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Yinka Shonibare MBE: Mother and Father Worked Hard So I Can Play
This series of works, originally placed within the context of the Brooklyn Museum period rooms, drew upon the rooms’ expressions of American middle-class aspiration and achievement. The series features mannequins of children that are, characteristically of Yinka Shonibare’s practice, headless and dressed in Victorian costumes made from African fabrics.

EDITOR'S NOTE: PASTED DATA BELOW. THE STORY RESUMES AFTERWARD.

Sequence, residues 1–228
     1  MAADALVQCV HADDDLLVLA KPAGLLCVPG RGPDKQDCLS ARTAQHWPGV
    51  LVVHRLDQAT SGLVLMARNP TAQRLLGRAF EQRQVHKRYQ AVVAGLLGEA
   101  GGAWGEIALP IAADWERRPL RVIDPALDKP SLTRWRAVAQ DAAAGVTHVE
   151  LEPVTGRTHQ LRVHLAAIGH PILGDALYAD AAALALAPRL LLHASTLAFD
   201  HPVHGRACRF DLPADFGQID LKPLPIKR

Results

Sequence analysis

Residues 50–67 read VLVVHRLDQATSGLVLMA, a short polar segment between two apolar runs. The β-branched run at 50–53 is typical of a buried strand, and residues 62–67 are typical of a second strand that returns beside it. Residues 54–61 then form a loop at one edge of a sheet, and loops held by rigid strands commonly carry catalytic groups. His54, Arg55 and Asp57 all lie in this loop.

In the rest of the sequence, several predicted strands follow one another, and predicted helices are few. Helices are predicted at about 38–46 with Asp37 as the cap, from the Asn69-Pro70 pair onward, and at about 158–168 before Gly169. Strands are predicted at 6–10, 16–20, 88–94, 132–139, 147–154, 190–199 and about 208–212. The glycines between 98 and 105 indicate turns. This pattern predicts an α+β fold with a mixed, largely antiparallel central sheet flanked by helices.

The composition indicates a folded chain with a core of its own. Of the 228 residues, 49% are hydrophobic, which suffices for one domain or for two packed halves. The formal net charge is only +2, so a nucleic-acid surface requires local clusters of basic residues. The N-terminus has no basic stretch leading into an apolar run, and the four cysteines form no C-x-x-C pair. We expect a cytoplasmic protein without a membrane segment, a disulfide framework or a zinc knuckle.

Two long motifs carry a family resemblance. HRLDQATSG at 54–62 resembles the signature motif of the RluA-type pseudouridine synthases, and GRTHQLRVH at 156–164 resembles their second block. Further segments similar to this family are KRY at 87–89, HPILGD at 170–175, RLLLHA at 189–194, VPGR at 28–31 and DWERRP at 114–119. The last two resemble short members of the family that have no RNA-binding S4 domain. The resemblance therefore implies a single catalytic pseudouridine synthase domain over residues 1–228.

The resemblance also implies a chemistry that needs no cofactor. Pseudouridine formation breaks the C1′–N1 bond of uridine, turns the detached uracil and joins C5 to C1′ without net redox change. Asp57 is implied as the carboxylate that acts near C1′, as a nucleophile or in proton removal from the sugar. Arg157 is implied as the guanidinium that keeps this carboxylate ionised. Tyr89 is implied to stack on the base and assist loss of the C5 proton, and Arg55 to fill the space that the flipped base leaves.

At the Brooklyn Museum, the installation was akin to a treasure hunt, with mischievous children hidden in various parts of the rooms. Though the figures play in unexpected and physically challenging positions, their presence in the rooms was not immediately obvious, making the experience of wandering through to discover them uncanny. The mannequins suggest the overindulgence and recklessness of a privileged class of youth that has benefited from the hard work of its ancestors. Unruly and anarchical, the figures exhibited rebellious behaviors in direct opposition to their environment, rooms that through the placement of the belongings on display, elaborate textiles, and the refinement of the furnishings illustrate both the pride and constraints of the day.